Brudenell

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Brudenell
Community
Brudenell ON.JPG
Brudenell is located in Southern Ontario
Brudenell
Brudenell
Location in southern Ontario
Coordinates: 45°26′41″N 77°23′48″W / 45.44472°N 77.39667°W / 45.44472; -77.39667[1]
Country Canada
Province Ontario
CountyRenfrew
Established1850s
Named forJames Thomas Brudenell
Time zoneUTC−5 (EST)
 • Summer (DST)UTC−4 (EDT)
Area code(s)613, 343

Brudenell is a community in the township of Brudenell, Lyndoch and Raglan in Renfrew County, Ontario, Canada.[1]

History[edit]

The history of Brudenell is most often presented as a "boom and bust" narrative in which the village experience a period of rapid-paced development, peaking in the 1880s, followed by a period of steep economic decline and eventual abandonment. The village is now commonly referred to as a "ghost town" though this characterization does little justice to the history of the settlement, nor to current residents, many of whom are descendants of the original settlers.[2]

The community was established in the 1850s at the intersection of the Opeongo Line and the Addington Colonization Road with the completion of the latter road. During the 1880s, Brudenell became known as the 'sin-bucket' of the Opeongo Line due to its three hotels, offering gambling, alcohol and other vices.[3]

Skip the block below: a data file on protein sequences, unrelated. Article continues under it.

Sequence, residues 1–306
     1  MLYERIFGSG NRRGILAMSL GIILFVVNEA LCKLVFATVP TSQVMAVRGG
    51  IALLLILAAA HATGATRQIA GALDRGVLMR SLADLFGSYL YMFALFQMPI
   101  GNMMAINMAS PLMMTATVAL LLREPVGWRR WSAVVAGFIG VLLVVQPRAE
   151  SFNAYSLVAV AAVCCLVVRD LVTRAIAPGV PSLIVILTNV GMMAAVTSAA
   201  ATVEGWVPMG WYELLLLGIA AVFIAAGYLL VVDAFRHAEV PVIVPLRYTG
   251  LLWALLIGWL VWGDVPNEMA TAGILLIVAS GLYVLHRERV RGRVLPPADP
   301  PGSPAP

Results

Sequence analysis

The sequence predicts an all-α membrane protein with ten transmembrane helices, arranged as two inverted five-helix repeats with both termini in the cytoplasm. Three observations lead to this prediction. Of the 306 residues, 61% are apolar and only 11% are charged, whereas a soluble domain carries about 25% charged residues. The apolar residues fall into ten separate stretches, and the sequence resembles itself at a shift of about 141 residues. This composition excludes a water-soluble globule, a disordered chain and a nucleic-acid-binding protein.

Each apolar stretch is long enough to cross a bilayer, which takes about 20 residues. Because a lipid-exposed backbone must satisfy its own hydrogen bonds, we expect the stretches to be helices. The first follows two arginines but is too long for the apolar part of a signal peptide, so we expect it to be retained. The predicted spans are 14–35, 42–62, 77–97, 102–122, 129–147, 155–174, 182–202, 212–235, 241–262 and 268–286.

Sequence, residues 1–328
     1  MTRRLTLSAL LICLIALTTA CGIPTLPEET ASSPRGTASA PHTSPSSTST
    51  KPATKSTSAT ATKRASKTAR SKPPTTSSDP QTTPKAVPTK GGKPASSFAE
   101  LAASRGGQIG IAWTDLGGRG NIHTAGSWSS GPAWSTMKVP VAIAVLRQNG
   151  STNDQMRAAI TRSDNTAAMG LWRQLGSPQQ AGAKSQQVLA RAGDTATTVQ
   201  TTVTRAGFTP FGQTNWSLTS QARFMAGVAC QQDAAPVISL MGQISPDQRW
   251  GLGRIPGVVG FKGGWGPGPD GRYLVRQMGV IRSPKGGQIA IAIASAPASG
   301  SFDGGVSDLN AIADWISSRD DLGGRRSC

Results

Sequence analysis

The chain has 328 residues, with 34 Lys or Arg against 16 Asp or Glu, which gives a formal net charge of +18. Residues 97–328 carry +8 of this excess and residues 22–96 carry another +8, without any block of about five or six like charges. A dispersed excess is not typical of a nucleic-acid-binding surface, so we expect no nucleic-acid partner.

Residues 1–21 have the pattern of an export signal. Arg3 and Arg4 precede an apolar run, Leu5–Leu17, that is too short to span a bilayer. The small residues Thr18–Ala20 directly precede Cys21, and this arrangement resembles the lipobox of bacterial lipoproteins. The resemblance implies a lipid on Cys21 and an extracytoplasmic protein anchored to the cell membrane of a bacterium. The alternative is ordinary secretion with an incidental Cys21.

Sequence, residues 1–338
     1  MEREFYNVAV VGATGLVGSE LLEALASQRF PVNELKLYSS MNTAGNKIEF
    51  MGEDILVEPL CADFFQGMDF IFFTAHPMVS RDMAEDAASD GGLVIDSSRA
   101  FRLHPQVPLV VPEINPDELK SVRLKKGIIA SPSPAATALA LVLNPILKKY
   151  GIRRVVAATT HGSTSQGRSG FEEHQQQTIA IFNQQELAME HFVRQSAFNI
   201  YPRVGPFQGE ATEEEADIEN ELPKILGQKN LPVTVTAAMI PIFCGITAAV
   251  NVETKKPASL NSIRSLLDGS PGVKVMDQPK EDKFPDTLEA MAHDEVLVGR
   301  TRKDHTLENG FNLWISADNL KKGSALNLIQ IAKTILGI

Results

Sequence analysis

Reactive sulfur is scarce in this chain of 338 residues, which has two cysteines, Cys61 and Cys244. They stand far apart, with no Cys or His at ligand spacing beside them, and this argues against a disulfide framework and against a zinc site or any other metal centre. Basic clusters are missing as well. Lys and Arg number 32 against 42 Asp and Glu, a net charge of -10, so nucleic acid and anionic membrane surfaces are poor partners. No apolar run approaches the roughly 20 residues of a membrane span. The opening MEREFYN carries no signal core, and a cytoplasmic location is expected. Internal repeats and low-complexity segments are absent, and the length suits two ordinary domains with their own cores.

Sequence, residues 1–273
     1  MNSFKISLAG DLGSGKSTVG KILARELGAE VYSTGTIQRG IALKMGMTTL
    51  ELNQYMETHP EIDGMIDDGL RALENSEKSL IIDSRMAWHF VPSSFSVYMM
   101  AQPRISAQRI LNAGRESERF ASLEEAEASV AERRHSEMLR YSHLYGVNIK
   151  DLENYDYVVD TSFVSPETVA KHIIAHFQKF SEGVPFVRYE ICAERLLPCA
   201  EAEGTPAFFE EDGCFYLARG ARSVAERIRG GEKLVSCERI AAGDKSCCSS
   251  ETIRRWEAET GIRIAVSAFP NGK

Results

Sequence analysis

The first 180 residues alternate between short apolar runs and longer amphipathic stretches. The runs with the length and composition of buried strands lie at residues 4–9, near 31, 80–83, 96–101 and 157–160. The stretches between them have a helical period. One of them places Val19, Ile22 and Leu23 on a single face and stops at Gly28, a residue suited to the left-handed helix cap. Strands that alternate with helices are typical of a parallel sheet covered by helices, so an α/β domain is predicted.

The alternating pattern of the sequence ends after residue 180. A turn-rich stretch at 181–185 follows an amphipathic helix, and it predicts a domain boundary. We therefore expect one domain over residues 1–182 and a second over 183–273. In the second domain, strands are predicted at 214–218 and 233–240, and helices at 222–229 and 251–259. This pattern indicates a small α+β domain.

In 1893, the local portion of the Canada Atlantic Railway was built, bypassing Brudenell in favour of nearby Killaloe, Ontario, as decided by then-Prime Minister Wilfrid Laurier.[4] This led to a permanent economic decline for Brudenell.

Today[edit]

Brudenell is now home to a fire station and Our Lady of the Angels Catholic Church, which hosts an annual supper to raise funds for the maintenance of parish buildings. The supper is famous for its traditional sand-baked beans.

The church hall was also for a time the home of Stone Fence Theatre, now performing mainly out of Eganville. Performances were held there from 2003 to 2006, including a rendition of "Al Capone's Hideout," a musical comedy about the notorious gangster's brief stay in the area in the 1940s. The production was directed and co-authored by Barry Goldie in association with the Upper Madawaska Theatre Group, Stone Fence Theatre's predecessor company.

References[edit]

  1. ^ a b "Brudenell". Geographical Names Data Base. Natural Resources Canada. Retrieved 2012-10-06.
  2. ^ Derek Murray, "Narratives, Transitions, and the Spaces between Old and New: A Socio-Economic History of Brudenell through the 1871 Census of Canada," MA Major Research Paper, University of Guelph, 2009. Archived June 16, 2010, at the Wayback Machine
  3. ^ "Brudenell Ghost Town". Ontario Ghost Towns. 2008-06-08. Retrieved 2009-10-12.
  4. ^ "Brudenell, Ontario". Canadian Geographic. September–October 2005. Retrieved 2009-08-12.